Thanks to support from the APSA, participation in the Institute and the conference is free, and scholarships are available to defray costs of travel, food, and housing in dormitories on the Tufts campus. Applicants are expected to seek financial support from their home institution, but admission to the Institute for Civically Engaged Research will not be affected by financial need.
Herrsching, near Munich, Germany, from July 14th to July 27th 2019
The fifth annual European Summer Institute of Civic Studies will take place in Herrsching, near Munich, Germany, from July 14th to July 27th 2019. This Institute is open to applicants from Armenia, Azerbaijan, Belarus, Georgia, Germany, Kazakhstan, Kyrgyzstan, Moldova, Poland, the Russian Federation, Turkmenistan, Ukraine and Uzbekistan. It is funded by the German Government’s Academic Exchange Service (DAAD), which covers travel, food, and lodging costs. The organizers are Prof. Karol Soltan (University of Maryland) and Prof. Tetyana Kloubert (Catholic University Eichstätt-Ingolstadt); Peter Levine will join for 2-3 days.To apply, send a letter of interest, a curriculum vitae, and an academic transcript (if applicable) to Prof. Kloubert at Tetyana.Kloubert@ku.de by March 15, 2019 for best consideration.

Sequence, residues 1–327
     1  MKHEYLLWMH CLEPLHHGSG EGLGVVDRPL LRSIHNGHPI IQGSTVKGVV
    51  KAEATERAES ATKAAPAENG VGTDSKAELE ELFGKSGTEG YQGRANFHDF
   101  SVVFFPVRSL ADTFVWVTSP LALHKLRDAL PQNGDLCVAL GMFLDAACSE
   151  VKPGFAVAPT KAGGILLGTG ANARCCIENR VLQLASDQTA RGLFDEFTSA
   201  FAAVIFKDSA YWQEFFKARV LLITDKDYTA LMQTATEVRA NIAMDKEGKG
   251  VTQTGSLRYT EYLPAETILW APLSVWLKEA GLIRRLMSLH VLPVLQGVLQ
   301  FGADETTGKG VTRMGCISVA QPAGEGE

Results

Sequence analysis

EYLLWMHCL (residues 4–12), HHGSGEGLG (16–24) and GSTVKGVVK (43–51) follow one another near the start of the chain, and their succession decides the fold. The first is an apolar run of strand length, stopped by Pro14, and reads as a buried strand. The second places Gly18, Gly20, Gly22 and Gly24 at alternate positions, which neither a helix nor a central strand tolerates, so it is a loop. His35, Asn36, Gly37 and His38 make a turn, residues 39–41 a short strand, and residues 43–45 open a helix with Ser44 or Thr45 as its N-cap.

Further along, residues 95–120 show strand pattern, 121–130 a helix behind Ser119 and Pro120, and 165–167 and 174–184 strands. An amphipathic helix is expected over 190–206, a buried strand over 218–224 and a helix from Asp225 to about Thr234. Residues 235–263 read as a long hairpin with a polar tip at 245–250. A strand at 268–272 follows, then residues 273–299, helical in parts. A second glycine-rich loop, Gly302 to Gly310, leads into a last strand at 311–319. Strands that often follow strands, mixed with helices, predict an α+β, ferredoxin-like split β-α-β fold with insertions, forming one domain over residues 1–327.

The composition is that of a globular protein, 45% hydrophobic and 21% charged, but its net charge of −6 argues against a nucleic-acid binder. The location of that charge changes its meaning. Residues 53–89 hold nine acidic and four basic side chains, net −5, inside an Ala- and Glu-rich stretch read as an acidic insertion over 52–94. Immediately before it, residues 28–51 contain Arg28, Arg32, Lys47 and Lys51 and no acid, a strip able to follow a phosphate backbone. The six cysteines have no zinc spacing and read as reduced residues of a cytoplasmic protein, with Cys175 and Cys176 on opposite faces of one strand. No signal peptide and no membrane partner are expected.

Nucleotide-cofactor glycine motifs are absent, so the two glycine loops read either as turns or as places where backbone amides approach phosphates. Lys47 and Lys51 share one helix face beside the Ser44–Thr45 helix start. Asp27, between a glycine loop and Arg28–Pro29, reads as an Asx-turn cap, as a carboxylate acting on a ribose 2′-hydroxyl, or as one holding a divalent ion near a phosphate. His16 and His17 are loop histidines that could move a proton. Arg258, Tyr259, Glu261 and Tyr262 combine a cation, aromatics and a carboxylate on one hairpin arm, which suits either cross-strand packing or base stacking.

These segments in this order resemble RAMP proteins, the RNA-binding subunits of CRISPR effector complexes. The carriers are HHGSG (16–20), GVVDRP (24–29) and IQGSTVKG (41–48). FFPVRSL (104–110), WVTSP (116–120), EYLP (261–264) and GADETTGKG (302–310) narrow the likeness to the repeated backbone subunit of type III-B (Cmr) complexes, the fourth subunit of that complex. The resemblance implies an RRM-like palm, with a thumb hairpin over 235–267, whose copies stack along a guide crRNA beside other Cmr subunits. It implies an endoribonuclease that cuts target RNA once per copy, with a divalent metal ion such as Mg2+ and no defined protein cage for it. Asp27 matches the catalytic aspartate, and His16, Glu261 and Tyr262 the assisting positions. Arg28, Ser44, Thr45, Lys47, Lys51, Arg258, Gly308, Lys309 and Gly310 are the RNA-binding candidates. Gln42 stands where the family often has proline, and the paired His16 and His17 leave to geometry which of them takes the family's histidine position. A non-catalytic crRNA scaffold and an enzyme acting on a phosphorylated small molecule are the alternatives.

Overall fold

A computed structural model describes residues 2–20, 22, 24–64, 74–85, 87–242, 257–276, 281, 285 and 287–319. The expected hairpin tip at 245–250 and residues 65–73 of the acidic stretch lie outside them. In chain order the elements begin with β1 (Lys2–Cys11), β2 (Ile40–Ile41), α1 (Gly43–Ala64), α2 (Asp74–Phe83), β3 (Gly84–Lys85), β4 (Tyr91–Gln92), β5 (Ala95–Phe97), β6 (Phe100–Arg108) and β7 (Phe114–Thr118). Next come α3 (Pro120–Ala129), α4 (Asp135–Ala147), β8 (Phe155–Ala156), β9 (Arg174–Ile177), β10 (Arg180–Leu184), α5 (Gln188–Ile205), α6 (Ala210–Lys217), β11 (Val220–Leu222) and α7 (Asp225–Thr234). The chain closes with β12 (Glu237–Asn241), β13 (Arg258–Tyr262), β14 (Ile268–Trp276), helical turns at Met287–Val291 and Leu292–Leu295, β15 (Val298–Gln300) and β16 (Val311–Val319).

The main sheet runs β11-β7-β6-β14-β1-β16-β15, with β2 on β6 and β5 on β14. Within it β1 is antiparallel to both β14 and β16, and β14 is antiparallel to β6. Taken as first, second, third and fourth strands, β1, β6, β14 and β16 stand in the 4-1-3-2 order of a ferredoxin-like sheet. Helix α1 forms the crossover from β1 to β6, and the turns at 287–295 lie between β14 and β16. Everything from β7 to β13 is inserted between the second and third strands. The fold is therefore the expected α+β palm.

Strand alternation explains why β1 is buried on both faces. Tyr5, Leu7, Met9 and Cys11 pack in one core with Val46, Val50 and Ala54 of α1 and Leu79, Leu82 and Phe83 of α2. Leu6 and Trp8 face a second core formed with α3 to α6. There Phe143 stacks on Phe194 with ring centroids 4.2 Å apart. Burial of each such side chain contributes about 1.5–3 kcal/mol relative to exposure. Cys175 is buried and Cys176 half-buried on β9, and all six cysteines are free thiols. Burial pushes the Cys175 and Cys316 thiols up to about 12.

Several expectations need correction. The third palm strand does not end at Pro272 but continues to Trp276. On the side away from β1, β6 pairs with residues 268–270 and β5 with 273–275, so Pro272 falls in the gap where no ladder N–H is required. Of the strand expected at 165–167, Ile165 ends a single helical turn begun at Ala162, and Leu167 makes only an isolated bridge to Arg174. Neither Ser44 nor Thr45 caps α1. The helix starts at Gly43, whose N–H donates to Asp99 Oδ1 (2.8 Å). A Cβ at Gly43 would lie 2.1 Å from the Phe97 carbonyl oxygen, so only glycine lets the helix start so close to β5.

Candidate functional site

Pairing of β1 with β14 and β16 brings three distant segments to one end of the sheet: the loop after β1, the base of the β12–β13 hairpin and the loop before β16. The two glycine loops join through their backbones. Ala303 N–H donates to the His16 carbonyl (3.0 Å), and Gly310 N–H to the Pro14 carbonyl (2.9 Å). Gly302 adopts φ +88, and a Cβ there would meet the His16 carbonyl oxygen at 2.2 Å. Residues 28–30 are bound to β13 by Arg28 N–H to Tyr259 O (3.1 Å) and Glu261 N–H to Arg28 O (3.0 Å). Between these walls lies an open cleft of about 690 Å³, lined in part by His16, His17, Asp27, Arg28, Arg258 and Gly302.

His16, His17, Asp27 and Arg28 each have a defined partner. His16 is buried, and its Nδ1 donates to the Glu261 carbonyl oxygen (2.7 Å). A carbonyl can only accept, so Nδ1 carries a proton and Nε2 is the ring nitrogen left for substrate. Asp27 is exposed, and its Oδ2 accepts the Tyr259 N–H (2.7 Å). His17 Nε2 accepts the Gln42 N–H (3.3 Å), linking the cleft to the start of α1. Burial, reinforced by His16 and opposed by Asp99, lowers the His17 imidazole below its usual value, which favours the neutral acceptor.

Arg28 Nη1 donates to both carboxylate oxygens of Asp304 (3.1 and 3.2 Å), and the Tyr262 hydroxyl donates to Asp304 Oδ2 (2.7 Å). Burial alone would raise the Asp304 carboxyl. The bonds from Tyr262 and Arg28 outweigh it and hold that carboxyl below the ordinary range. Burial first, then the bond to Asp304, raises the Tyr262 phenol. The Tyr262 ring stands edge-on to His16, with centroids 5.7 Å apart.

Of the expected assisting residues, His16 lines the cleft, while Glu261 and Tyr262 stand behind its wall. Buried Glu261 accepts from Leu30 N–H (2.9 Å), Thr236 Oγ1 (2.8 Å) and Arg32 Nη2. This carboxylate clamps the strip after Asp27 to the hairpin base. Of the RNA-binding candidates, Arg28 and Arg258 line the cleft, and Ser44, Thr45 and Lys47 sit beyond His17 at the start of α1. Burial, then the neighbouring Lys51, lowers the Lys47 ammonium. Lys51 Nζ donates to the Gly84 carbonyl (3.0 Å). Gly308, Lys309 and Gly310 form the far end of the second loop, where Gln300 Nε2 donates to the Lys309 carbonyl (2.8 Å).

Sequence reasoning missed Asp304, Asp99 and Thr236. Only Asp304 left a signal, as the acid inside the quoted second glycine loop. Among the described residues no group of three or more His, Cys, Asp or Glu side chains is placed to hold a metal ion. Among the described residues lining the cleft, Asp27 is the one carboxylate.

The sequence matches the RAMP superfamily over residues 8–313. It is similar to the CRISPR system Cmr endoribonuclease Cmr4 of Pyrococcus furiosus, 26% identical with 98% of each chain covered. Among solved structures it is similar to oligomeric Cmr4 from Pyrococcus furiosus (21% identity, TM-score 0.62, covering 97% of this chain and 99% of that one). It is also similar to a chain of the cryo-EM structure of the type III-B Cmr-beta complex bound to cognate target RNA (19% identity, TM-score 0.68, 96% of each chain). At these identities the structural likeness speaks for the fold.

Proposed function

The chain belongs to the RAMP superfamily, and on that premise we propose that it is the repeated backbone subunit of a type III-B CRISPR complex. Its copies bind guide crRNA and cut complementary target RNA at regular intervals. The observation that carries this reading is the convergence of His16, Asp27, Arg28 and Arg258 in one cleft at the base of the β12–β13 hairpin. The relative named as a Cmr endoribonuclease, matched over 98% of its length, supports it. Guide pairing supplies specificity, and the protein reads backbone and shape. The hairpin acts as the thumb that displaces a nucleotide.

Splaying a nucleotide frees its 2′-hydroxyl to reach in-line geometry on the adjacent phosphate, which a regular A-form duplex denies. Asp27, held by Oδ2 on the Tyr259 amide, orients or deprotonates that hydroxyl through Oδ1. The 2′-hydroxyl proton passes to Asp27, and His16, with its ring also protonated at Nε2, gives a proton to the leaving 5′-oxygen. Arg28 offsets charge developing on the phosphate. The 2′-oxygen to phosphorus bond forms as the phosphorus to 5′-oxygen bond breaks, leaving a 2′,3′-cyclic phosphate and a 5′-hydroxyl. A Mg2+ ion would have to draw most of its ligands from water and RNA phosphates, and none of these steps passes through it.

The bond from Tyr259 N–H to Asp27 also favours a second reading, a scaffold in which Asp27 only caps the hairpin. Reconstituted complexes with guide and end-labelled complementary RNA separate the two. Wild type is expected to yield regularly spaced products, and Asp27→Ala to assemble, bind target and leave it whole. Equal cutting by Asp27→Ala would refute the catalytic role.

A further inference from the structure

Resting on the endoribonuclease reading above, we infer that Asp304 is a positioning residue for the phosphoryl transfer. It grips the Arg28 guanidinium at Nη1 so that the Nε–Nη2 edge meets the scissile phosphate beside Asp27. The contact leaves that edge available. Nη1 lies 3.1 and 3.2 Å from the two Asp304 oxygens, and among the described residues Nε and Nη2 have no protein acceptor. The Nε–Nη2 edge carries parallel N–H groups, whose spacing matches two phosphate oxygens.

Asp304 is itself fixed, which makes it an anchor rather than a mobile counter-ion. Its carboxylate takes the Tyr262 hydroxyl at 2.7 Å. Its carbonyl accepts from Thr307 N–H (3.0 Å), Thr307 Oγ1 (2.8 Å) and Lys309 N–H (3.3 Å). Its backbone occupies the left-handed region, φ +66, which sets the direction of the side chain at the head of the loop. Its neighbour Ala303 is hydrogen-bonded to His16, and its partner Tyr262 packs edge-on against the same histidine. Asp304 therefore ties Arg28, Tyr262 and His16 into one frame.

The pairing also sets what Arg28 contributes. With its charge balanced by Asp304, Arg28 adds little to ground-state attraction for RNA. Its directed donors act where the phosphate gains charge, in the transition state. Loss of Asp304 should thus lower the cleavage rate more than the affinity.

a new genre of journalism that forgoes the pedestrian task of reporting the news in favor of explaining it through the lens of academic research. Ensconced at Vox, FiveThirtyEight, dedicated pages of the Washington Post and the New York Times, and across Twitter, the explainers place great stock in the authority of scholarship — and in journalists who know how to wield the authority of scholars
He argues, “There’s a bad synergy at work in the Historovox — as I call this complex of scholars and journalists — between the short-termism of the news cycle and the longue durée-ism of the academy. … When academic knowledge is on tap for the media, the result is not a fusion of the best of academia and the best of journalism but the worst of both worlds.”